Stephen Charnock: Learning and Teaching the Nature of God

5 min

Any serious study of the attributes of God must include a classic work written over three centuries ago by a Puritan pastor named Stephen Charnock. His thorough research resulted in a massive book, The Existence and Attributes of God. The work spans 1,149 pages and is recognized as the authority on the nature and attributes of God. Later writers, such as A. W. Tozer, Arthur Pink, and J. I. Packer, relied heavily upon Charnock in their own books regarding the attributes of God.

It is surprising how few people, even among those who read Charnock, know anything at all about his personal life. He was a very humble, modest, and quiet man who would be very pleased that readers would know more about his God than about himself. Nevertheless, it is instructive and profitable to see a bit of the man behind the message in the life of Charnock.

Stephen Charnock was born in London in 1628. His father was a respected lawyer who desired his son to have the benefits of an excellent education. Very little is known of Stephen’s boyhood days, but he seemed to have developed early a habit of deep thought, careful study, and a disciplined, reverent mind.

He was enrolled in Emmanuel College at Cambridge University where he studied among some faithful, Godly professors who made a deep impression upon the young scholar. It was here at Cambridge that Stephen Charnock was converted to Christ. He openly and personally embraced the faith of his fathers. His graduation from Cambridge in 1646 was at a time that mighty upheavals, both theologically and politically, were shaking England and Scotland.

The English Civil War broke out in 1642. This war was between the Royalists who supported the rule of King Charles I, and the Parliamentarians who asserted the rights of Parliament and a limited constitutional monarchy. The outbreak of the war was in the same year that Charnock first entered Cambridge.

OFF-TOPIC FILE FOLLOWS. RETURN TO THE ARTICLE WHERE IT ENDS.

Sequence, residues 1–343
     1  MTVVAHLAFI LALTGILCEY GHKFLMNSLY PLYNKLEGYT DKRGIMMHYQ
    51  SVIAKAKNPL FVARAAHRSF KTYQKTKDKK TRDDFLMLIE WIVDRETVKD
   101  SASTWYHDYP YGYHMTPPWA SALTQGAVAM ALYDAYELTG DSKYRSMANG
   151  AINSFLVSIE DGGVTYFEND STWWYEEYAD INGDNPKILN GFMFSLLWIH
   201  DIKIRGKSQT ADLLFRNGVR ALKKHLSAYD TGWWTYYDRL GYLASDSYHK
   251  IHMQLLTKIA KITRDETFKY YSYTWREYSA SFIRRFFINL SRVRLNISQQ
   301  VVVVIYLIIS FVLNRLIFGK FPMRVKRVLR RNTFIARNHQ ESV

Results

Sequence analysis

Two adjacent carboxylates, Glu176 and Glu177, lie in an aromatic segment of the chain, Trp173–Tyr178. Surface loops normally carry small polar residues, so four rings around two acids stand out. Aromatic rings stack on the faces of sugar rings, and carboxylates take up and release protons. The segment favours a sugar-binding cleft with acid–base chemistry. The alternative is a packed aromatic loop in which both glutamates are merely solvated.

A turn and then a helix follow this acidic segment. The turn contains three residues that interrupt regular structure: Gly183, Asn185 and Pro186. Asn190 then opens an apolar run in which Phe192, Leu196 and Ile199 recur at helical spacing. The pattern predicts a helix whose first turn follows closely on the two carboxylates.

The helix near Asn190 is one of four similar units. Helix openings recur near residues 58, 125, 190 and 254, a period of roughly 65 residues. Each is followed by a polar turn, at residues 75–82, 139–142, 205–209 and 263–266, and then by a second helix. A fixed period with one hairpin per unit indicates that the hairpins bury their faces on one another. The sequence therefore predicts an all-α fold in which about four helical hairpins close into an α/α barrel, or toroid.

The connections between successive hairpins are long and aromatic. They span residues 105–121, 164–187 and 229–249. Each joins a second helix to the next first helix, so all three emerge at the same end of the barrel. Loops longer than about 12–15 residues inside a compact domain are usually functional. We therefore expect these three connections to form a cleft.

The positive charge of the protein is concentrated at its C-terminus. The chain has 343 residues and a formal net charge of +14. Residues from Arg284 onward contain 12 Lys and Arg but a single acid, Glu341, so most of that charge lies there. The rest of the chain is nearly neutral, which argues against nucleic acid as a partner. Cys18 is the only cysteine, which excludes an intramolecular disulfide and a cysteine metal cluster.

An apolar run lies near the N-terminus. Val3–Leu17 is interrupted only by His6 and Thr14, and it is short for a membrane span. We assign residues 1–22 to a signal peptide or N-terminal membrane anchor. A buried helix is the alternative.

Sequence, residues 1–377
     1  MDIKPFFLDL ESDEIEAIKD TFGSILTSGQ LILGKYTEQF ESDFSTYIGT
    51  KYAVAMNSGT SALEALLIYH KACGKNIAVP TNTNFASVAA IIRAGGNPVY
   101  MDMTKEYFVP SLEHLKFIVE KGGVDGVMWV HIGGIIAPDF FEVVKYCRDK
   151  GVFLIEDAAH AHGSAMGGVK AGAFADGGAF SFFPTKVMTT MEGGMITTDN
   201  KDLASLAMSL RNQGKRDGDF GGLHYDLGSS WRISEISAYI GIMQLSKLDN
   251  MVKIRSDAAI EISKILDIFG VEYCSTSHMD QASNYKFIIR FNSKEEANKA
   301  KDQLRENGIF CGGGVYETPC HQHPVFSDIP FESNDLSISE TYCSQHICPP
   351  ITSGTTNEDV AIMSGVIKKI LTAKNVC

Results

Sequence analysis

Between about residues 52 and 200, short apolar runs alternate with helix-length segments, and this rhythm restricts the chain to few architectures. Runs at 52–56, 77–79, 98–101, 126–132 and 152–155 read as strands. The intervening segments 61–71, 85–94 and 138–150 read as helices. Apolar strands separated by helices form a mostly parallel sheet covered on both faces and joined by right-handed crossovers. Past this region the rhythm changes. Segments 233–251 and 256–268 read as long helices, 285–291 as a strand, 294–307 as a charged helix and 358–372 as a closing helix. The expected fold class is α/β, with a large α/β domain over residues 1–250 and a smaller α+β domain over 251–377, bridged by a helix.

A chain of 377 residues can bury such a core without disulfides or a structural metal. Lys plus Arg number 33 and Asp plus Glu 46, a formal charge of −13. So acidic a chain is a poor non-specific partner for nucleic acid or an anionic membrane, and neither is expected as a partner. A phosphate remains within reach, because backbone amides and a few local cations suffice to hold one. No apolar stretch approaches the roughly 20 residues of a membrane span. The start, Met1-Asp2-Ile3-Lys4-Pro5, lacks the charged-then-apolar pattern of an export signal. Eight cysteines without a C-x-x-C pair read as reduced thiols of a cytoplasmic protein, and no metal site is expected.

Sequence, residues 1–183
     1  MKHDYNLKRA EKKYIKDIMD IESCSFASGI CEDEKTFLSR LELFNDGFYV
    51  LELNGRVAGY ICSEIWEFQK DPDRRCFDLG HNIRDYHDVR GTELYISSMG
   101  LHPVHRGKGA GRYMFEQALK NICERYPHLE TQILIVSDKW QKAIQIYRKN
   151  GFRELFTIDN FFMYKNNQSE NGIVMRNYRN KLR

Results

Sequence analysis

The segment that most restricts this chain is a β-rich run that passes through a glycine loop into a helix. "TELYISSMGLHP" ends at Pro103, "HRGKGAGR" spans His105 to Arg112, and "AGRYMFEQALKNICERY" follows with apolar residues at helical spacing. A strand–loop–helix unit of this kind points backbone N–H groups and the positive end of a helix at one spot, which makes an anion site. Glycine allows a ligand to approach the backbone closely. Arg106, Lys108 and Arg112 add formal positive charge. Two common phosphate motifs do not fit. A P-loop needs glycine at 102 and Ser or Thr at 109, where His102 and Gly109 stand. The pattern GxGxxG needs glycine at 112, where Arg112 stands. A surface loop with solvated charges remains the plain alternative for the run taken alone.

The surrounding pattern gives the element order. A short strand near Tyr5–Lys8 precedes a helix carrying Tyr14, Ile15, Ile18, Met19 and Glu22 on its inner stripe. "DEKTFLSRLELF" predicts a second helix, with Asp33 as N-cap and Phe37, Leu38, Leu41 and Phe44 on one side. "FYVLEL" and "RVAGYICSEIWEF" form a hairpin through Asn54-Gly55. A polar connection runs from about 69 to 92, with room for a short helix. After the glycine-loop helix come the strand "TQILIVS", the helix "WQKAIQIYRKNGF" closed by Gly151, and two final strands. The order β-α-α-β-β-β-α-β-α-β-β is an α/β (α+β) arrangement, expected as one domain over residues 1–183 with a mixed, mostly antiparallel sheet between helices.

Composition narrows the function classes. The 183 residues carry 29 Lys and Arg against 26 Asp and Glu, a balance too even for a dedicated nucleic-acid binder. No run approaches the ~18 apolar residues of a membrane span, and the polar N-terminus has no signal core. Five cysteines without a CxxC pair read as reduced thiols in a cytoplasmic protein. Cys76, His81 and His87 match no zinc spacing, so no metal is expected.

By the time the young Charnock graduated four years later, the civil war was in full vigor. Oliver Cromwell had emerged as the hero of the Parliamentarians, and this Godly, determined military commander and his supporters called Roundheads (because of their hairstyles) had gained several signal defeats over the Royalist army. The most significant of these defeats occurred at the Battle of Naseby in June 1645.

During these times of political unrest, there was also a theological battle for supremacy between the recognized Church of England (mostly supported by the Royalists), the Presbyterians (mostly supported by the Scots), and the dissenters and Independents (a varied group of Quakers, Baptists, and other non-conformists). These were confusing and bewildering times!

In June 1646, the King of England was imprisoned by the Parliamentarians. For the first time in centuries of relative stability, England had no ruler! After a brief period when the imprisoned king sought to regain his rule by private communications with anyone and everyone willing to support him, including treasonous communications with foreign powers, the King was tried and condemned to death for treason against his own people. By an act of Parliament, Charles I was beheaded three years after his imprisonment, in January 1649.

Cromwell emerged as the clear leader of the Parliamentarians, and he became the Lord Protector of the Realm in the absence of a monarch. Stephen Charnock watched all this turmoil and upheaval from the solitude of his study.

Upon his graduation from Cambridge, Charnock took a charge as a chaplain in a private residence. There he also became a tutor to the children of a prominent London family. The recently graduated young man began preaching and teaching the Gospel that he loved. Charnock studied Greek and Hebrew, patristic theology (the writings of the church fathers), and took a post at Oxford University in 1650. He sat under the preaching of Thomas Goodwin during his time at Oxford and drank in the pure Gospel with an eager heart.